White nationalist incidents require campus response

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COURTESY IMAGE/SUZANNE CLAVET

I venture into the cesspool of 4chan a few times a year, usually when white nationalism is on the rise. Whenever I see white supremacist posters on campus, or hear rumors of white nationalists organizing in Virginia, I do a quick search through the 4chan boards, looking for clues. Why? Because sometimes I find something relevant.

Last semester, I produced a video for The Flat Hat about hate speech on college campuses, in which we featured some white nationalist postings at the College of William and Mary. That particular video was not actually spurred by white nationalism, but rather by a set of homophobic flyers that threatened religious violence against members of the LGBTQ+ community. Those flyers were homemade, typed up using language I had never heard before, and emblazoned with skull and crossbones. After seeing an image of the flyers, I decided to google some of the phrases that stuck out to me as odd. Immediately, a post from 4chan popped up. It was the creator of the flyers, who admitted that he was a “far-right, traditional Catholic” student who created the flyers to “write down [his] thoughts in an open letter to the cucks and libtards of [his] generation.” He posted “verification images” of the flyer, one including his rosary lying on top, an allusion to his Catholicism.

When I found this post, I immediately sent it to WMPD. While 4chan’s anonymity’s hid the poster’s identity, it did prove that the flyers were made by a student, not some outsider like many were claiming. I got no response. I’m not sure if WMPD saw my email, even though I called in advance saying I sent them a tip. Maybe they saw it and deemed it unimportant. Either way, I was not aware of any action on their part.

As Flat Hat Online Editor, I made the tough decision to exclude the 4chan post from our hate speech video. At its core, it was an unsubstantiated claim made by an anonymous source on the internet. Despite the verification images, I couldn’t accuse anyone without hard evidence. This decision still weighs heavily on me, because I think my lack of action is partially to blame for the rise in white nationalist postings on campus. If I had spoken out more vehemently, maybe this wouldn’t keep happening. If I had kept calling WMPD, maybe they would have investigated further. My inaction mirrored the inaction of the administration, who swept the incident under the rug.

Earlier this month, students found white nationalist flyers posted on light poles around campus. Printed in black ink on plain paper, they had a simple message: “It’s ok to be white.” Potentially harmless, these flyers become more insidious when you dive beneath the surface. Once again, I looked to 4chan. The truth is, these flyers were part of a larger movement, started on 4chan, to camouflage white nationalist propaganda as “innocuous white pride.” As I read through pages of gag-inducing posts, I began to understand their intent. These flyers are meant to make you question yourself, to make you think, “white people are really being persecuted,” when nothing could be further from the truth. When students take them down, these white supremacists, munching on Doritos from behind their computer screens, can say “look at these triggered liberals,” or “so it’s NOT ok to be white?” as if they’re proving some kind of point.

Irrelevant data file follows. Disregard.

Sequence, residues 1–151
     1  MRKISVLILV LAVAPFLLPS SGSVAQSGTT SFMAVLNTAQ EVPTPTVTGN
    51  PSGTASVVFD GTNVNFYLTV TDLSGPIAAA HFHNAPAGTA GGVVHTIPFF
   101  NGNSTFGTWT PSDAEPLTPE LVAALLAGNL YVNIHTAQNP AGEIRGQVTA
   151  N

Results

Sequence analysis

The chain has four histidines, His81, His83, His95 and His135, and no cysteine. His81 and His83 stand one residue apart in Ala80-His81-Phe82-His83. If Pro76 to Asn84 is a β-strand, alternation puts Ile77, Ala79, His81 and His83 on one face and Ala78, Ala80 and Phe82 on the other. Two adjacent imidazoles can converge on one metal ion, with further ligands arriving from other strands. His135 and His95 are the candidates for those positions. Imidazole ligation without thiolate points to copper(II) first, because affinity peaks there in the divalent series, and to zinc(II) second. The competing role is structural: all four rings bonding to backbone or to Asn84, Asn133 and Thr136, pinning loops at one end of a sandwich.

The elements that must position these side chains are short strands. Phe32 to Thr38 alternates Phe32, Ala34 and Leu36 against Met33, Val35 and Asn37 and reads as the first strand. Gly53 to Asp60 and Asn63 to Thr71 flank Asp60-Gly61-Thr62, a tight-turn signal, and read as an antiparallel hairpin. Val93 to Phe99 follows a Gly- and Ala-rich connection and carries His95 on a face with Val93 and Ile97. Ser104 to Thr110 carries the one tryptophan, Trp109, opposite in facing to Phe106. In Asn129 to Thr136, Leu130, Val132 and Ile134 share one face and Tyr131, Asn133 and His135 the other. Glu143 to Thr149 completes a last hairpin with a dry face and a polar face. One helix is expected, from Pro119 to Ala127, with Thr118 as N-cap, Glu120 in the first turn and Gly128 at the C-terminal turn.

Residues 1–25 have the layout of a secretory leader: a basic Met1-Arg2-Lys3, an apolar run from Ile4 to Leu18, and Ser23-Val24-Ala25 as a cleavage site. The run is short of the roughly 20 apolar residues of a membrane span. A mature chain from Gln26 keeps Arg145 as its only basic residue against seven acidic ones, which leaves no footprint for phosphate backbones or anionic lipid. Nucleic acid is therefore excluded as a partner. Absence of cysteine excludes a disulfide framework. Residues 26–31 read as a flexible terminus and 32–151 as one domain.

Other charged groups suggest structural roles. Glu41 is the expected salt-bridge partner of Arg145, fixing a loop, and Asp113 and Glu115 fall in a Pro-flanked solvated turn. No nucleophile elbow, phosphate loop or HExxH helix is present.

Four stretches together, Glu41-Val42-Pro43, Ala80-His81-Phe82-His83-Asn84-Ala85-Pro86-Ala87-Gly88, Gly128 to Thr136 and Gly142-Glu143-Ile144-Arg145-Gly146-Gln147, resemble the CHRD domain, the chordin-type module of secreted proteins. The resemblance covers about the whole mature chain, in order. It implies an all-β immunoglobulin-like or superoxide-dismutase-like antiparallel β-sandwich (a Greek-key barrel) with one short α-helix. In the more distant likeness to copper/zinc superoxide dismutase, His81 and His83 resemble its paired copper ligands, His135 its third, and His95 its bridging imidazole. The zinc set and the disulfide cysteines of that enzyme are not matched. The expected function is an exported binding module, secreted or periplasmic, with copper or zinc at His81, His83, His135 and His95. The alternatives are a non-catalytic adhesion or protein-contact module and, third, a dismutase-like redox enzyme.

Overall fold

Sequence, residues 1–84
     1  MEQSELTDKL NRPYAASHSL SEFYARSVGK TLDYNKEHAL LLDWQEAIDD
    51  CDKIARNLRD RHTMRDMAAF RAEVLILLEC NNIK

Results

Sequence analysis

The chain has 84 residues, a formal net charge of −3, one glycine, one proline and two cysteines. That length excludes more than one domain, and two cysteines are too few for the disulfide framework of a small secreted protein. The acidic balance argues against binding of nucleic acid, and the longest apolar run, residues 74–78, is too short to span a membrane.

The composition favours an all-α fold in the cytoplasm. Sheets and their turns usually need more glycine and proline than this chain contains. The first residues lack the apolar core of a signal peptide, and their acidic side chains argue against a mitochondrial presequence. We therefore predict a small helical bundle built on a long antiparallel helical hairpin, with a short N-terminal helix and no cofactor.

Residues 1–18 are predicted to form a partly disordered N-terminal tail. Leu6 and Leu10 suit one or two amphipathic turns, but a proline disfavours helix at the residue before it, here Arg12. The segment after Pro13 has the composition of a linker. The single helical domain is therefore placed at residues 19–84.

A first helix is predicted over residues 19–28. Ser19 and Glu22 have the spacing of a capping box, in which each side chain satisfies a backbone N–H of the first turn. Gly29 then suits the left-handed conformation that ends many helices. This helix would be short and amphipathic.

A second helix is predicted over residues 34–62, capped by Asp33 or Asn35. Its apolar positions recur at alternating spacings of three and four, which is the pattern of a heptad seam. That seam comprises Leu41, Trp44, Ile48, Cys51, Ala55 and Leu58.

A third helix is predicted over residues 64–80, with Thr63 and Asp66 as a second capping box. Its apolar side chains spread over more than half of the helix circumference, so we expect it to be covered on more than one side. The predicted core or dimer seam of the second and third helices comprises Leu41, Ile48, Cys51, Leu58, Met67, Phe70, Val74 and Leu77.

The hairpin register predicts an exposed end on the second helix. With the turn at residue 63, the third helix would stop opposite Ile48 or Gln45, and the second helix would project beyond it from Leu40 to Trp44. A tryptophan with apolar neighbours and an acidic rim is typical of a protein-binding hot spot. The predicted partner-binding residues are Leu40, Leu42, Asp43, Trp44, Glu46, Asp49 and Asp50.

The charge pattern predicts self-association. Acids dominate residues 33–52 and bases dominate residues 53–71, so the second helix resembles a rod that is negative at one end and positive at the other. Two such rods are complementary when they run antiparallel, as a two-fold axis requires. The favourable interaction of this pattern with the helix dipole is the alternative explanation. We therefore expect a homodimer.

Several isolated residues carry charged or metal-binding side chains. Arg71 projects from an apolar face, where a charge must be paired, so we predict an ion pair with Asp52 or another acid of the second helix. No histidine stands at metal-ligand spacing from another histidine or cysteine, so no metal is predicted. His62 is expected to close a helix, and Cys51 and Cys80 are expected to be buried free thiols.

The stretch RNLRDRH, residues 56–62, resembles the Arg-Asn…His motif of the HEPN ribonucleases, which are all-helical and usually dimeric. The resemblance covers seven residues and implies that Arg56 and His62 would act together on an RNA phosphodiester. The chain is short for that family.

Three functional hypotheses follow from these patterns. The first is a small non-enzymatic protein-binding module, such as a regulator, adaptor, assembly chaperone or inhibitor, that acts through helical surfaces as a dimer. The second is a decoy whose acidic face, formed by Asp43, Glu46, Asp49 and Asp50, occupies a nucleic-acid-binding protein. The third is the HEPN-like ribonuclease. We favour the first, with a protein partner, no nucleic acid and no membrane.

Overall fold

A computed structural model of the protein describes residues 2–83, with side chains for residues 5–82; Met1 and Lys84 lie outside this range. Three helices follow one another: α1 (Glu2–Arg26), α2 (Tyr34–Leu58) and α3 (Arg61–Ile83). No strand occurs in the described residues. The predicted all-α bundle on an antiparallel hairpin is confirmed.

Oftentimes, our gut reaction is to deny this behavior. When the last round of flyers went up, I kept hearing the same thing: we don’t know if it was a student, maybe it was a stranger passing through. The 4chan post I found proved that wrong. It was a member of the College community. And so is the person who put up this new wave of white nationalist posters. We have hatred on our campus, and we can’t stand idly by and let it happen.

In a world where white-supremacist violence is on the rise, failing to combat this ideology is frankly dangerous. According to the Anti-Defamation League, white supremacists were directly responsible for 39 deaths in 2018, up from 18 in 2017. These incidents show a sharp increase in violence due to white nationalist propaganda, the same type of messages we find on light poles on campus. Without investigating the source of this propaganda, without finding the student(s) responsible, we are creating the potential for violence on our campus.

To the administration: you disappoint me. Failing to act, given the circumstances, is cowardly and foolish. Either out of laziness or disregard for the seriousness of the situation, you took no action whatsoever in the face of blatant white-supremacist propaganda on campus. This is simply unacceptable and betrays a startling lack of awareness.

To students: don’t make my mistake. If you find something online, or hear something in person, don’t just report it, follow through and make sure something is done. I reported the 4chan post to WMPD, but as far as I know, nobody took any action. I should have gone further, perhaps alerting the campus Catholic community of the far-right ideology in their ranks and making sure it was addressed. If the administration or police refuse to act, we have the responsibility to root out hatred on our campus. If your friend makes a racist joke, don’t laugh it off. If you hear rumors of bigotry, don’t look the other way. If you see white supremacist flyers, tear them down. And maybe check 4chan to look for clues.

Email Claire Hogan at

cahogan@email.wm.edu.